Our team of artists and scientists worked quickly to absorb as much as we could about each other’s fields while making some lovely relationships with members of the Rakiura/ Stewart Island community. (We even fitted in some recreation - thanks to Megan for swift tours of the Island and Ulva for a tour of Ulva Island. There was also the Boot Camp experience.) We all want to return! I loved that printmaking and art felt so purposeful.  This venture had the support of many people and companies but I would like to give special mention to SIRCET, the Stewart Island Rakiura Community & Environment Trust, for their contribution.  SIRCET's mission is to "pursue projects that will enhance both our community and environment". sircet.org.nz/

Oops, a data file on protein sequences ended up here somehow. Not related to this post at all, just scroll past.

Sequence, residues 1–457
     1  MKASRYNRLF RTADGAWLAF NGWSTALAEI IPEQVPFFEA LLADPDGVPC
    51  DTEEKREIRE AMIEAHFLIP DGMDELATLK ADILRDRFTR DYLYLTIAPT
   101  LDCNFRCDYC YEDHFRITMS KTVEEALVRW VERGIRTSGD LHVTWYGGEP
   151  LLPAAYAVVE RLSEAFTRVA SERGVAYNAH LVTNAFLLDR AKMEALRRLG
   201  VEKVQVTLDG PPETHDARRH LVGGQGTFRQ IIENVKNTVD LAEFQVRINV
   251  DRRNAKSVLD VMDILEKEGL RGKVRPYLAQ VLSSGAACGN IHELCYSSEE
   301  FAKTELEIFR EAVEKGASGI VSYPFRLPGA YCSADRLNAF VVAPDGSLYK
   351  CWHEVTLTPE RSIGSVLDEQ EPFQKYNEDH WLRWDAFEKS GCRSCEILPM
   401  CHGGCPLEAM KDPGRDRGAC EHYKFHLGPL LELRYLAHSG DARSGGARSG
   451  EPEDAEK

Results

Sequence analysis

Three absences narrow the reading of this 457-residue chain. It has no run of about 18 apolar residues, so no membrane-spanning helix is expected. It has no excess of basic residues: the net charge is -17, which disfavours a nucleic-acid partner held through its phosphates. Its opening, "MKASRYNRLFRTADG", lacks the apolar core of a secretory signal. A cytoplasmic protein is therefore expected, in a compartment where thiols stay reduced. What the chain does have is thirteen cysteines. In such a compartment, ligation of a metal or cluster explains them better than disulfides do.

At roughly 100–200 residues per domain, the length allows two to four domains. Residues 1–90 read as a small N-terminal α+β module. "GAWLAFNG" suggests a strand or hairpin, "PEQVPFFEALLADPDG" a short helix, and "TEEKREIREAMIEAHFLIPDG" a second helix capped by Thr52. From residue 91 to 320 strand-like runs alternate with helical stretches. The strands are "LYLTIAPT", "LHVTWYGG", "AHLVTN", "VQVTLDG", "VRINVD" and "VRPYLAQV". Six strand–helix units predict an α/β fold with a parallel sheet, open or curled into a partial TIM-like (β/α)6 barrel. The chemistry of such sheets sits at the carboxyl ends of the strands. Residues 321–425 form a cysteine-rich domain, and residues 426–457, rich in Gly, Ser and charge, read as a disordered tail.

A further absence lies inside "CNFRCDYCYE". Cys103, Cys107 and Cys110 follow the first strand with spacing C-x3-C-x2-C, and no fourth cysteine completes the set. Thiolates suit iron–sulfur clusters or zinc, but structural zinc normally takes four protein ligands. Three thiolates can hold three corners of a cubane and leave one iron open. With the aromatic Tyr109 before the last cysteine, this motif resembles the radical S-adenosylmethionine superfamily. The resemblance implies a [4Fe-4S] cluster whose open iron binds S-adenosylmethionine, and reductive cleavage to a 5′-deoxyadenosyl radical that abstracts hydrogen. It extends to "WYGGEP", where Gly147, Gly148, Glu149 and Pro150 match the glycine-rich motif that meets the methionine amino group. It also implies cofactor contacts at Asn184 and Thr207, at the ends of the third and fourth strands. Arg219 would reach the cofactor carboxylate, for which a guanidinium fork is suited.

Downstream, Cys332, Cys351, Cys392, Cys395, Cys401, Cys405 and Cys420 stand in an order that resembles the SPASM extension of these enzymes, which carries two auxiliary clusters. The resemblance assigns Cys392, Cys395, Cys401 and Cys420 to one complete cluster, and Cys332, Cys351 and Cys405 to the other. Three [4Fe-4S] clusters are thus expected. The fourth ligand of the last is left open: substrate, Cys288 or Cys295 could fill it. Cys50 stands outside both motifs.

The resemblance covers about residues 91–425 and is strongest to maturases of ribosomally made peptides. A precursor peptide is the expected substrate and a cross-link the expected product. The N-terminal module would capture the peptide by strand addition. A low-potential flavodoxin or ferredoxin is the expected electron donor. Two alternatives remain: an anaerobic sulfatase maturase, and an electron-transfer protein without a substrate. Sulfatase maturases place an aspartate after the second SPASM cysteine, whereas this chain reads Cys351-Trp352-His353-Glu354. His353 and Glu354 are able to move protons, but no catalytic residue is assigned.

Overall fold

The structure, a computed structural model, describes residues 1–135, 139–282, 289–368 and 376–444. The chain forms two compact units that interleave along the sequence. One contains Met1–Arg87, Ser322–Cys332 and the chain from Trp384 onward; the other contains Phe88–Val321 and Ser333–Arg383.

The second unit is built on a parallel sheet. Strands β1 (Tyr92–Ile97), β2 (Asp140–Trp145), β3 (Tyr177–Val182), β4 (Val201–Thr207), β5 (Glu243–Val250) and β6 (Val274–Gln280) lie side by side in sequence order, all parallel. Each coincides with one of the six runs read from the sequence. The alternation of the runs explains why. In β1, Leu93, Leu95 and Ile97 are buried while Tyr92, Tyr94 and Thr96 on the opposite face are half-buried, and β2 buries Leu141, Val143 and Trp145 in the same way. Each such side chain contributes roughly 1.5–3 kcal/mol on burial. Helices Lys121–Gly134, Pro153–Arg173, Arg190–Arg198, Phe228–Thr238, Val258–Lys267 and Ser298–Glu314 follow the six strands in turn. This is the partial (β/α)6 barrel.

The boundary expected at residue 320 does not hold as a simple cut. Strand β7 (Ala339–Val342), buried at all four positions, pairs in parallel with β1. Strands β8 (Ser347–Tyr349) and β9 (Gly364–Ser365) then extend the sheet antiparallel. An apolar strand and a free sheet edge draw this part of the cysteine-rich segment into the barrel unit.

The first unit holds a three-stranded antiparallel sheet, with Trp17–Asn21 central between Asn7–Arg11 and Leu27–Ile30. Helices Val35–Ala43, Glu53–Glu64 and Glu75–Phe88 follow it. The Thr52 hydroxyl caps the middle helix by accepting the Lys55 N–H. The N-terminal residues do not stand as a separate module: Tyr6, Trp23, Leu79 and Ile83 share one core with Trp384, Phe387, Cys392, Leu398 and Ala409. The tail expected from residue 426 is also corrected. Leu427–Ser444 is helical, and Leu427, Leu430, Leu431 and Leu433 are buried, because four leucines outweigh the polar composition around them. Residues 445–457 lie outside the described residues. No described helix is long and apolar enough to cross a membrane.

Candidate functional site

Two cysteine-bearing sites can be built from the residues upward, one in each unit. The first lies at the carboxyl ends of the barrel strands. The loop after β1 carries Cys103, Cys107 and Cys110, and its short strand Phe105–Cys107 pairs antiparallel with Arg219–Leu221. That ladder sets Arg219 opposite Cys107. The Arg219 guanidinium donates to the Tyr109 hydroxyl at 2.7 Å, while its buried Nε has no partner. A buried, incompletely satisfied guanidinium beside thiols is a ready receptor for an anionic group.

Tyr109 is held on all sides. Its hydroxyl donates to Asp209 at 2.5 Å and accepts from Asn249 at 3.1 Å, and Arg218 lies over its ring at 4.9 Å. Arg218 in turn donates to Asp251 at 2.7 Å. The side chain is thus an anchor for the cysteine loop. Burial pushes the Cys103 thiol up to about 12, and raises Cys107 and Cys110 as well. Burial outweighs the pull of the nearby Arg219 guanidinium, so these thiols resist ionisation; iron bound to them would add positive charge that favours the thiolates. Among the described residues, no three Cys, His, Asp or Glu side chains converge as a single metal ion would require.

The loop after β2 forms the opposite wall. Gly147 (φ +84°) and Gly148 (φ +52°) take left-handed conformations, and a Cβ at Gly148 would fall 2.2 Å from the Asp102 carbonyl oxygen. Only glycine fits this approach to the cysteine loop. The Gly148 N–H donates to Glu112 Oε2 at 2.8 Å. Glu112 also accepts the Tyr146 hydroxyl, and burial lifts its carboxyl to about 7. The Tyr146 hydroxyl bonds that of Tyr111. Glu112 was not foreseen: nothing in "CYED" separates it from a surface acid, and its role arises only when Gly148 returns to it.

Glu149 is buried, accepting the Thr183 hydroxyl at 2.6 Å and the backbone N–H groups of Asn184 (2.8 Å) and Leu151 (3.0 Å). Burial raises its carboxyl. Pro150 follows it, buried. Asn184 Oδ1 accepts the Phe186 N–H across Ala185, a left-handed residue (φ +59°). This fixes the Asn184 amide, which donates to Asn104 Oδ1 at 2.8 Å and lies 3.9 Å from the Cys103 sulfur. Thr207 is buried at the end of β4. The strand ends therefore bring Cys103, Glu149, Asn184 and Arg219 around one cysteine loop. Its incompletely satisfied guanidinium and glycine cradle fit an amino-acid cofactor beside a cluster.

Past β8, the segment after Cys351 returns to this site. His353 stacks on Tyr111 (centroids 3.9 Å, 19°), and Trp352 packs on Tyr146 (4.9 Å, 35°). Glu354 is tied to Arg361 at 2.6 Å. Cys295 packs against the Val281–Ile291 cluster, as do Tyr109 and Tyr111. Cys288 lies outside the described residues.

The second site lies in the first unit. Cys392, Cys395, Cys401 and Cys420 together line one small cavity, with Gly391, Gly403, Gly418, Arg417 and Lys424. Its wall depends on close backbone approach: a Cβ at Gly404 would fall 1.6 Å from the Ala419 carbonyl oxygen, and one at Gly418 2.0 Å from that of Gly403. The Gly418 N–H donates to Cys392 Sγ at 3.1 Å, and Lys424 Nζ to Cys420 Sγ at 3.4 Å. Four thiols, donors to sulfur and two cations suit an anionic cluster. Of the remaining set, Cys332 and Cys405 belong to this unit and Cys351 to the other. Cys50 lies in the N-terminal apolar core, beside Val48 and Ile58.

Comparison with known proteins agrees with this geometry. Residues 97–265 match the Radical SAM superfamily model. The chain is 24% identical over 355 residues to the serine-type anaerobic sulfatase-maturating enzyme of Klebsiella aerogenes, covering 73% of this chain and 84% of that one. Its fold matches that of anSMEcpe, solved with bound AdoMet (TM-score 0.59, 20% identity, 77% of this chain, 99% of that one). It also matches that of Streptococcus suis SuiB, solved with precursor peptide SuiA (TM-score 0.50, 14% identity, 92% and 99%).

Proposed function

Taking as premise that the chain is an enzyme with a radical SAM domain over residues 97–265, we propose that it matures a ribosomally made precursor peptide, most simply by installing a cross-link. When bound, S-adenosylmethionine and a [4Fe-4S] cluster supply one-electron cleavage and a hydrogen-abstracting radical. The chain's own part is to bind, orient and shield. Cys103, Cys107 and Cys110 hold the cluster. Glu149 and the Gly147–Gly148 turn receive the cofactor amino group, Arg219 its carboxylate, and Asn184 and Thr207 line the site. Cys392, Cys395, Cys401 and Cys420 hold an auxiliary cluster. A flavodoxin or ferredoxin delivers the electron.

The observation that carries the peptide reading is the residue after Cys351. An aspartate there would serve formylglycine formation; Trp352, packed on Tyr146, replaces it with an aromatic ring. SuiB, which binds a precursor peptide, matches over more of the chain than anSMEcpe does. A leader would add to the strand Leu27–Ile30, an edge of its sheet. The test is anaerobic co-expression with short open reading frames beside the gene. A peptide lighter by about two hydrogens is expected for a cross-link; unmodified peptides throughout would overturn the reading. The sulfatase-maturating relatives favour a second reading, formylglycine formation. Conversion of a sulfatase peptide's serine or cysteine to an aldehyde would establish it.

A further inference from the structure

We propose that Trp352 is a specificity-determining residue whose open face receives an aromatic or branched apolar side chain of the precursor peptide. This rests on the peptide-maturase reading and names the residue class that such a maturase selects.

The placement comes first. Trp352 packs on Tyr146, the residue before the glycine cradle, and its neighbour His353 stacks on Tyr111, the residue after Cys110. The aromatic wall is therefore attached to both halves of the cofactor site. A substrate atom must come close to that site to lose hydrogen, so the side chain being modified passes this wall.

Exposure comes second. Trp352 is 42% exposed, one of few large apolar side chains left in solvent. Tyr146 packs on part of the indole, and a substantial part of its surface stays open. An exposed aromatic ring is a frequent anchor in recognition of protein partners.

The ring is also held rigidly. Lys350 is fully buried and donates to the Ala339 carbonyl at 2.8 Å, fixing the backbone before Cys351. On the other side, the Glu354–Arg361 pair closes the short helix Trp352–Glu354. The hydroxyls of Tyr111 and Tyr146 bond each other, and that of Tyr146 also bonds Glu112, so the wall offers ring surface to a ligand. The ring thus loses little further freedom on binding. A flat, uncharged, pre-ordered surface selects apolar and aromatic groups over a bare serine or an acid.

Elsie Percival,one of the workshop facilitators is also a Science Communication Master’s candidate from Otago University. Elsie presented her own project ‘Our Island- Conservation on Rakiura’ on Stewart Island in a parallel exhibition at the Community Hall the same weekend. Her Rakiura/Stewart Island specific art work and photographs were displayed alongside plants from the Community Native Plant Nursery (SIRCET) and trapping equipment from DOC. The photo below shows some of the portable exhibition kit, named The Sandpit, that the variety of her work was curated within. Elsie’s thesis and other in-depth writing on the ‘Our Island’ project is planned so I will link that to here when she publishes her blog.
SIRCCA & Our Island. Photo credit to Elsie Percival.


  1. Aspects of the SIRCCA project were presented by Jenny, Lynn and Ellen at the Macandrew Bay Biodiversity meeting on 11th Nov - to a very appreciative audience. (A power point show was made and some artist statements read out,plus a small table with plates which people could do a rubbing from.)

  2. http://milliondollarmouse.org.nz/files/2015/10/Our-Island.pdf